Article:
What is the significance of a bespoke suit?

Investing in a bespoke suit is perhaps one of the most significant apparel purchases one can make. Despite this, many individuals have no idea what goes into creating a bespoke suit!  In today’s article, we’ll take a look at the anatomy of a bespoke suit, with a focus on aspects that can be tailored to your preferences. After all, the sum of its pieces makes a wonderful outfit. While the suit as a whole must be appealing, each component must also be appealing on its own.

Definition of bespoke suit

True bespoke suits are more of a work of art. Bespoke originated on London’s Savile Row and means “to be spoken for.”

You may have a say in every stage of the process, from fitting to fabric to finishing touches, with a bespoke suit. The bespoke method entails producing a one-of-a-kind, original pattern tailored to a client’s body type.

Unfortunately, the term “bespoke” has lost its luster in the industry, as numerous custom clothiers claim to deliver bespoke garments, but almost all of them employ the made-to-measure method.

Bespoke, like luxury, is a term that is frequently misused to give something that isn’t bespoke or luxurious a slick sheen of refinement or to justify a high price tag. The truth is that bespoke – something built specifically for you – is probably the ultimate luxury. Perhaps nowhere is truer than when it comes to a suit.

A true bespoke suit is like a second skin, a clothing that best portrays who you are because it was built particularly for you, in taste as well as size.  Yes, it is expensive (in most circumstances), but if done correctly, it is an investment that will last a lifetime and eliminate the need to buy off-the-shelf items. As a result, here is a comprehensive guide to purchasing a bespoke suit.

The History of Bespoke Suits

All men wore bespoke until less than a century ago. Hand-made clothing was available to those who could afford it, while those who couldn’t wore bespoke cast-offs.

Robert Baker established the first tailoring shop in London’s Piccadilly district – named after the Elizabethan phrase for a shirt collar, “pickadill” – in the late 1500s, eventually becoming a suit-maker to King James I’s court. Like craftspeople gathered together, as was customary at the time, and the area, which stretched from Jermyn Street to Savile Row, soon became the epicentre of England’s menswear trade.

Although tailoring was never truly English – ‘tailor’ is thought to derive from ‘tailler,’ the Medieval French word for ‘to cut’ – Savile Row and its environs became synonymous with the best in the world, gaining such a global following that the Japanese word for a suit, ‘sabburu,’ is a misspelling of the famous street’s name.

The tables were only turned in the 1950s, when manufacturing technology enabled for the fabrication of more cheap ready-to-wear clothing. Because of off-the-peg pioneer Montague Burton, creator of the namesake high-street brand and purveyor of many a World War Two soldier’s ‘de-mob’ clothes, bespoke became the exception rather than the rule.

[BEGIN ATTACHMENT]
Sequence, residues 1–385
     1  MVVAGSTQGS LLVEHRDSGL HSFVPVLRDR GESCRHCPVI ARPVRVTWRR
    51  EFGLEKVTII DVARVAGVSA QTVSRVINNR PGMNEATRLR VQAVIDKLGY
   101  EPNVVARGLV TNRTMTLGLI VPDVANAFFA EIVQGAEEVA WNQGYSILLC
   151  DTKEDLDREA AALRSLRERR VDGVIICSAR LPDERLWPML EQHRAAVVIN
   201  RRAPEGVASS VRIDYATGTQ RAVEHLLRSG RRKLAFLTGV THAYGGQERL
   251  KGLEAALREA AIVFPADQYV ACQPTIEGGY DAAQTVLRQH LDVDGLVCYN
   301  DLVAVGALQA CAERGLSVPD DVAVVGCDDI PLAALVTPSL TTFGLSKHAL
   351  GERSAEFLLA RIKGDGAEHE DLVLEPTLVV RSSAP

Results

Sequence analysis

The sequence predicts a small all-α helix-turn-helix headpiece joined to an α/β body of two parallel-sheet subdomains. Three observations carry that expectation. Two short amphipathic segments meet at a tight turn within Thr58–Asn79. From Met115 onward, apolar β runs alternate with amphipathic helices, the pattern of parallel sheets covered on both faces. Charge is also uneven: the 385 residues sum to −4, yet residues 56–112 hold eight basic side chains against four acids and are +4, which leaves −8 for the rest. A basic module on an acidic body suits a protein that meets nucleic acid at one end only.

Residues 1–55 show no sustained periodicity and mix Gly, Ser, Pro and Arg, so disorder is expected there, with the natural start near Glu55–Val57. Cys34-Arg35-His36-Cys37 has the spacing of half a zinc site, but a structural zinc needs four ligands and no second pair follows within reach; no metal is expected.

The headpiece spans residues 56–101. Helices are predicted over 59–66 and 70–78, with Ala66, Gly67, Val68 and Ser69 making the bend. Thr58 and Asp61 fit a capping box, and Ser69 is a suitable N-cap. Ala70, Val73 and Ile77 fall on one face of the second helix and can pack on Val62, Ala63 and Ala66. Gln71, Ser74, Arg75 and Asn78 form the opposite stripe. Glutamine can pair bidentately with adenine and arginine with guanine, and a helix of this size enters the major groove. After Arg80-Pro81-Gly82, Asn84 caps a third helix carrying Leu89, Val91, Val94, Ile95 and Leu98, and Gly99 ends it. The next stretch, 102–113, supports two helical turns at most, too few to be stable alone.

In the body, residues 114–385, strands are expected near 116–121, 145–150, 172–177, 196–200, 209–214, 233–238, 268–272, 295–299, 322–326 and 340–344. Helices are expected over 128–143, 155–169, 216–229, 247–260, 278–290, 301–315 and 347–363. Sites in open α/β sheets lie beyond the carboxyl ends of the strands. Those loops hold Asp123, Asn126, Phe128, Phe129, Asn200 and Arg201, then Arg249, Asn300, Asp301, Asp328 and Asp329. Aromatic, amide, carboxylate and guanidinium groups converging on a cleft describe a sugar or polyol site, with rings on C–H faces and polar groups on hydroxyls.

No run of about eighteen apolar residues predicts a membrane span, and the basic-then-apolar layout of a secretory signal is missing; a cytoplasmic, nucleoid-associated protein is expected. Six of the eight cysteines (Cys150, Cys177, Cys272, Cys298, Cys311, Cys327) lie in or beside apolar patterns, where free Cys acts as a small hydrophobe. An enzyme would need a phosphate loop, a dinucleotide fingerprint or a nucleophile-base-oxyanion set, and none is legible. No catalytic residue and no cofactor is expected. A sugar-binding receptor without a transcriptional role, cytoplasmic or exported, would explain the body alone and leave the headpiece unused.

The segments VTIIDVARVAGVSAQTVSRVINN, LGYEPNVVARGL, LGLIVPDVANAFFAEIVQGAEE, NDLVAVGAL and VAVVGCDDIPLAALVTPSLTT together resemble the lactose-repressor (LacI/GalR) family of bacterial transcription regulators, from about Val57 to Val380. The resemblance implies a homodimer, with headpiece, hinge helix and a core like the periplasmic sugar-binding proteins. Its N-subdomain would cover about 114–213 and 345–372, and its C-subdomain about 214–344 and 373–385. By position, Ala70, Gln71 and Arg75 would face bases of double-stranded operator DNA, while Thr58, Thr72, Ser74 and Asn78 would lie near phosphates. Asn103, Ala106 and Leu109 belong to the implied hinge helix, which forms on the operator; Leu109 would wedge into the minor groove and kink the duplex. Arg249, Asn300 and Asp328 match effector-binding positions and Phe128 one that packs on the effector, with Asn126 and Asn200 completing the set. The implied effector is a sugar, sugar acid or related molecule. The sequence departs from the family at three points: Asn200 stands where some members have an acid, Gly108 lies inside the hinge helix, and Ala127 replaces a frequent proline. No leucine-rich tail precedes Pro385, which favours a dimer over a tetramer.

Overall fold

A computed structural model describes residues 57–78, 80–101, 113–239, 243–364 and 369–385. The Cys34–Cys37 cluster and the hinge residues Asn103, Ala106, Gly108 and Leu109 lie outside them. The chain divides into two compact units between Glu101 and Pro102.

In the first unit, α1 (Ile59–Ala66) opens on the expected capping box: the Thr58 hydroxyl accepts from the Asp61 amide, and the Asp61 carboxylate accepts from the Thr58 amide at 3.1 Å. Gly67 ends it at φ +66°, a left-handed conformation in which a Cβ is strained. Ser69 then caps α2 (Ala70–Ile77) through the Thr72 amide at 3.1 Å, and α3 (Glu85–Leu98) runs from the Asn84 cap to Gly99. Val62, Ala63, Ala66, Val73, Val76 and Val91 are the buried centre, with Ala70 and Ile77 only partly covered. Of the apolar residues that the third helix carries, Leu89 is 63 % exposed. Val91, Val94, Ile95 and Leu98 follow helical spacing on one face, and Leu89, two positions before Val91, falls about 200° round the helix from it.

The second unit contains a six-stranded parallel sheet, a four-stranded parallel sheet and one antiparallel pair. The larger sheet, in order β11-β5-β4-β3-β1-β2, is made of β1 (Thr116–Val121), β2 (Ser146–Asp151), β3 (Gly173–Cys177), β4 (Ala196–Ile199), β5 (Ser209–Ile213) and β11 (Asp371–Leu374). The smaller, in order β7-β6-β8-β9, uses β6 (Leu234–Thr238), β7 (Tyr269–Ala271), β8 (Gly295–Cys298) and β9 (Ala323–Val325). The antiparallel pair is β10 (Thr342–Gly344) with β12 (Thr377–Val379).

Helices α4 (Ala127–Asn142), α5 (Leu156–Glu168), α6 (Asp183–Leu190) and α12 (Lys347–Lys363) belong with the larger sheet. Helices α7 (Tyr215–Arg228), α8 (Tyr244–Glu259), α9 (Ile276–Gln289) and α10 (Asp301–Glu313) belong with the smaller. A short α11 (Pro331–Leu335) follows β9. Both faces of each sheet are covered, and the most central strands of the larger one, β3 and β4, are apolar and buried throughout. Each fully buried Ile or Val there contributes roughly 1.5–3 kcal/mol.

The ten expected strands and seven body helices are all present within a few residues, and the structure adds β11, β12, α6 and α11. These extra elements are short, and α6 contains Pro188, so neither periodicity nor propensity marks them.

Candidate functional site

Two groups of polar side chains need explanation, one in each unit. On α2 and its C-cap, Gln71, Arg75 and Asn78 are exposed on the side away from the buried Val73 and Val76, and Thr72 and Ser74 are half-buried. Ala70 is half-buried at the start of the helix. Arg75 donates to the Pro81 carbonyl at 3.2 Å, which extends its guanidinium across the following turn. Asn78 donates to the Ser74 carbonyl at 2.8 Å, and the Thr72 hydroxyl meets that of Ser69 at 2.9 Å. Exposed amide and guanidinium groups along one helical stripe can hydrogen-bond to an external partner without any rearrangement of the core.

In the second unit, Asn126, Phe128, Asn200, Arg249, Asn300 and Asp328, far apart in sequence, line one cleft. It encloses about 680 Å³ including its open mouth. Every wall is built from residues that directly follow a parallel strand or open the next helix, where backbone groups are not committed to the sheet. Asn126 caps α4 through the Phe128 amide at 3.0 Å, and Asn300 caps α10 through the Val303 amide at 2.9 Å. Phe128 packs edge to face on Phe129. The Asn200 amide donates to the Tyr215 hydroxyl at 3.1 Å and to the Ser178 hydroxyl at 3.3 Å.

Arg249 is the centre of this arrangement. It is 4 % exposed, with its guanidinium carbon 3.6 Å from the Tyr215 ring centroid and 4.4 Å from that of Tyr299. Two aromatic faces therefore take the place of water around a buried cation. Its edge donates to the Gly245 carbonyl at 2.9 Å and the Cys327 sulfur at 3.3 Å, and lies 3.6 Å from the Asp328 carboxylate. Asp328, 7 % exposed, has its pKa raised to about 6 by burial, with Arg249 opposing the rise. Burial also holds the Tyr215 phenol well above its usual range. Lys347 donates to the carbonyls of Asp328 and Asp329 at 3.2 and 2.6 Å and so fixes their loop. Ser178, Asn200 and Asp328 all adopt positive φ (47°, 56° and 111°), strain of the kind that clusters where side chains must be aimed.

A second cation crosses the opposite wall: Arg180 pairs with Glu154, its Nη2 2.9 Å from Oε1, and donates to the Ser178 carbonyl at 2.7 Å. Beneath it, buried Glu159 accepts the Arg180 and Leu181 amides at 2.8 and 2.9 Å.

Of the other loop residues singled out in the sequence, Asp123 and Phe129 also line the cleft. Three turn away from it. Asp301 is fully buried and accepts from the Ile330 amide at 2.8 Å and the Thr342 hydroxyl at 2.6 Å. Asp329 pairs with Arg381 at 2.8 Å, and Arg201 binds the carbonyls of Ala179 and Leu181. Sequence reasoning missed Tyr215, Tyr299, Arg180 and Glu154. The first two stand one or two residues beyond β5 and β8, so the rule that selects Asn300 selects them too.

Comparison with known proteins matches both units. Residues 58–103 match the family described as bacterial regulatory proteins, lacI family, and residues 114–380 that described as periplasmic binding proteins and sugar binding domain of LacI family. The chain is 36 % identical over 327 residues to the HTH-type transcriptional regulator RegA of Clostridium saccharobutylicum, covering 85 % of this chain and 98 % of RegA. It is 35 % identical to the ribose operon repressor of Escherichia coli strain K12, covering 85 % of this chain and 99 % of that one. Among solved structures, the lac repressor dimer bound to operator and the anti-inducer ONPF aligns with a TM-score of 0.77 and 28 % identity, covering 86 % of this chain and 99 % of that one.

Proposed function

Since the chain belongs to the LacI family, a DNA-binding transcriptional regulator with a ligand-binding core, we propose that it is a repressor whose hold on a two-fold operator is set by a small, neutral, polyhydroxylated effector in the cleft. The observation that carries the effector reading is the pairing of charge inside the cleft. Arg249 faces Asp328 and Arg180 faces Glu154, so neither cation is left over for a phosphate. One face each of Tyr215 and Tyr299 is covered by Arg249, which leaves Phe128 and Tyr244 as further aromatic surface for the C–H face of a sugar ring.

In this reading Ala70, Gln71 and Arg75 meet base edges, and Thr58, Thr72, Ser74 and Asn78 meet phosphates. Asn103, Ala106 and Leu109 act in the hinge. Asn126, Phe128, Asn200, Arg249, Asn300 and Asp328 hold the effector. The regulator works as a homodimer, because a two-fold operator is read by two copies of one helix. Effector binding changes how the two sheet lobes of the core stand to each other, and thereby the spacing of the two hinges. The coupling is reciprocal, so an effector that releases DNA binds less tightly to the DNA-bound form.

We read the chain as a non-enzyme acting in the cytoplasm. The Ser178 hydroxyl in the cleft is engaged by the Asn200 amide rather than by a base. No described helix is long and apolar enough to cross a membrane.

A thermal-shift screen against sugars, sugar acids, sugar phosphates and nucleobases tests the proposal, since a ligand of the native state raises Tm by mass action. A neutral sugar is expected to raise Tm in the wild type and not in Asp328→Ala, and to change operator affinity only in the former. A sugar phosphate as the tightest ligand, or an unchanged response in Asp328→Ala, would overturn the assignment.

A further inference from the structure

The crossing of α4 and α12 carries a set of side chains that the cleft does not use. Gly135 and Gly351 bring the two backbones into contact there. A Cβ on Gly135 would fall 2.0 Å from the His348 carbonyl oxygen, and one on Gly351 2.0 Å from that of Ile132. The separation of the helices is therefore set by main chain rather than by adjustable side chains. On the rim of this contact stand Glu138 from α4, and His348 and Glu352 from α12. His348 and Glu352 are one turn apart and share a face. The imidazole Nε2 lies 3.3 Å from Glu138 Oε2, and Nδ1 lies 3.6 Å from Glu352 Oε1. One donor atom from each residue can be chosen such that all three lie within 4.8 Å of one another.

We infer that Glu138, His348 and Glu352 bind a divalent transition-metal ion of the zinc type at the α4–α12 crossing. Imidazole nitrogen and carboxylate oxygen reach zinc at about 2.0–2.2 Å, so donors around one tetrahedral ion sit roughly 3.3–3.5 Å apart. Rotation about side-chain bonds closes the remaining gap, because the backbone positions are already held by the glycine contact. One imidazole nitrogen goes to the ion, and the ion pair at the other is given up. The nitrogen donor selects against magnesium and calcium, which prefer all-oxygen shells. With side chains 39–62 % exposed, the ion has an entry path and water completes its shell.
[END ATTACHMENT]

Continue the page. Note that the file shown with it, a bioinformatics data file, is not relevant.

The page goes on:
With the emergence of off-the-peg clothing, Savile Row became more of an establishment calling card, where the great and good, but not necessarily the most stylish, obtained their apparel, becoming ever more sophisticated by the season, free to follow this strange phenomenon called fashion. It would take a pioneer – Tommy Nutter, Hardy Amies, Douglas Hayward – to shake things up and remind the entire industry that a bespoke suit wasn’t simply for attorneys, bankers, and businessmen.

While much of ‘the Row’, as its inhabitants refer to it, still caters to those who have to wear suits, in the last two decades it has learned to also cater to those who may just want to. There’s always been the substance. Now there’s more style.


The majority of bespoke suits fall into one of three cut categories: slim, fitted, or classic. For a more streamlined look, a slim cut suit fits close to the body with a higher waist and armholes. This style will most likely favour those with very slim body types, and while it is now fashionable, it will not necessarily last as long as a traditional fitting suit.

The name denotes that this is a classic cut suit. It’s a classic, elegant style with enough of room for the body. This cut is perfect for folks who prefer more conservative attire or prefer their apparel to be more comfy and roomy. Surprisingly, the trends from London Men’s Fashion Week show that men’s tailoring is headed in this way!

A tailored suit is a good compromise between the two styles mentioned above. It isn’t excessively slim, but it has a modern shape that shapes your figure nicely. This is a style that will suit most body types and will remain fashionable for many years.